Can I ruin your dinner party?
ROME — I’ve found lately that I can ruin any dinner party. It’s like magic. Just get me going on Trump or Putin or climate change and I can put a frown on every face and a furrow in every brow. I do weddings and bar mitzvahs, too.
So I thought I’d come to Italy for a little sun and risotto. I made the mistake, though, of spending a few days with Italian government and international experts trying to understand the refugee crisis that is fracturing the European Union, much of which originates in Italy. And guess what? Now I can ruin your dinner party — and breakfast!
Because what you find when you take a close look at the situation here is something profoundly worrying. I was born in 1953 and have been living my entire life inside the community of democracies that came to be known as “the West” and eventually spread to include democracies around the world, such as Japan, Brazil, South Korea and India. At the core of this community were two pillars: the U.S. and the group of European democracies that became the European Union.
“The West” was not just a state of mind. It was an association of countries with shared interests, institutions and values — particularly the values of liberty, democracy, free markets and the rule of law — which made the postWorld War II world, though far from perfect, a steadily more prosperous, free and decent place for more and more people. This community of democracies was also a beacon, a refuge and a magnet for those who wanted to embrace its values but were denied them where they lived.
But the European pillar of this community of democracies has never been more under assault — so much so that for the first time I wonder if this European pillar will actually crumble.
From Italy you can see all the lines of attack: Donald Trump coming from the West, Vladimir Putin from the East and environmental and political disorder from the south — from Africa and the Middle East, where the reckless 2011 French-British-U.S. decision to topple Libyan strongman Moammar Gadhafi, and not stay on to help build a new order in his place, now haunts Italy.
Toppling Gadhafi without building a new order may go down as the single dumbest action the NATO alliance ever took.
It took the lid off Africa, leading to some 600,000 asylum-seekers and migrants flocking to Italy’s shores in recent years, with 300,000 staying there and the rest filtering into other EU nations. This has created wrangles within the bloc over who should absorb how many migrants and has spawned nationalist-populist backlashes in almost every EU country.
Meanwhile, it should come as no surprise that Putin, who has long had a foreign policy goal of weakening and discrediting the EU — in order to diminish it as a vibrant alternative to his kleptocratic, nationalist autocracy or as an inspiration for former Soviet satellites like Ukraine — has encouraged the rise of anti-EU parties in Italy as well as the UK’s Brexit.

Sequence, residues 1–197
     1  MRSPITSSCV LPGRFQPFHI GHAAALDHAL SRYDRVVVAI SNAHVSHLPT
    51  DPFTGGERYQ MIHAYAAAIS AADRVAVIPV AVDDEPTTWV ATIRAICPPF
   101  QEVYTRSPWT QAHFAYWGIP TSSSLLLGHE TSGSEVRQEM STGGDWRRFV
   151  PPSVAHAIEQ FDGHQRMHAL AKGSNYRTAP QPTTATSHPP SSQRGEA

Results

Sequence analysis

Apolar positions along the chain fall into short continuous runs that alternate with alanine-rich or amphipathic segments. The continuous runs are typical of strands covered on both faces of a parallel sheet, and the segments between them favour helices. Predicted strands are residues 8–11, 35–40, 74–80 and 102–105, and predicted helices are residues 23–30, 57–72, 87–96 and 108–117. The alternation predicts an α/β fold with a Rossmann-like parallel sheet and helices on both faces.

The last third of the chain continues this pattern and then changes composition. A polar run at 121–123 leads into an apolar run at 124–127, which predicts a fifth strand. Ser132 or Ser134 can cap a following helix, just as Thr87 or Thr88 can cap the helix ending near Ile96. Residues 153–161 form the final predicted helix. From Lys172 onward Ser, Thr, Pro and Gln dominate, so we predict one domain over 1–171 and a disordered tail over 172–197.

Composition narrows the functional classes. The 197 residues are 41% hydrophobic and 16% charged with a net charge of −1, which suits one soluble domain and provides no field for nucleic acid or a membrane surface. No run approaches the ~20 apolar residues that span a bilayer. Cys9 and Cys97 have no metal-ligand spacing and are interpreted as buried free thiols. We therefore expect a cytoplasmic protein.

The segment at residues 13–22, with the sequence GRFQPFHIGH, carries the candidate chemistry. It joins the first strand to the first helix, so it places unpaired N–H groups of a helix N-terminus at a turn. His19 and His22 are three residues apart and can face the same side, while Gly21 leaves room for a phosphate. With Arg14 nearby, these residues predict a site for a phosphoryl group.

Trump actually pressed British Prime Minister Theresa May to make a sharp Brexit from the EU, if she wanted to have a free-trade agreement with the U.S., and he characterized the EU not as a partner on trade but as a “foe.” Trump seems to prefer that the EU fracture so he can try to strike better trade deals with the countries individually. How else to explain these irrational moves?
One of the first foreign visitors to come to Italy to high-five its new government of Euroand NATO-skeptics and anti-immigrant populists was Trump’s former brain, Steve Bannon, who reportedly said of the ruling coalition: “If it works in Italy, it is going to work everywhere. ... It is going to break the backs of the globalists.”
This is such foolish talk. It was the U.S. and what became the EU that took the lead in not only repelling communism but in shaping the rules and catalyzing institutions that managed the key global issues after World War II — like trade, migration, environment and human rights — helping more people around the globe grow out of poverty faster than ever before.
We need the U.S. and the EU — joined by the other Group of 20 nations — to play a similar role today. The change in the pace of change in the climate, globalization and technology has thrown up a whole set of new challenges very fast — extreme weather, cybercrime, cryptocurrencies, social networks, deep fake technologies, self-driving vehicles, artificial intelligence, biological design tools and questions of how to distinguish among refugees, economic migrants and asylum-seekers. These can be managed only through global cooperation and new rules.
If the community of democracies fractures, and we return to a more 19th- and 20th-century great power competition, who will write the new rules for the 21st century? Russia? China? I don’t think so. There will be a global leadership vacuum, a free-for-all, with terrible consequences.
It will be hard enough dealing with these issues with a community of democracies leading the way again, but it will be impossible to do so if Trump, Bannon and Putin, and their fellow travelers, succeed in breaking it up. So sorry to ruin your breakfast, lunch and dinner.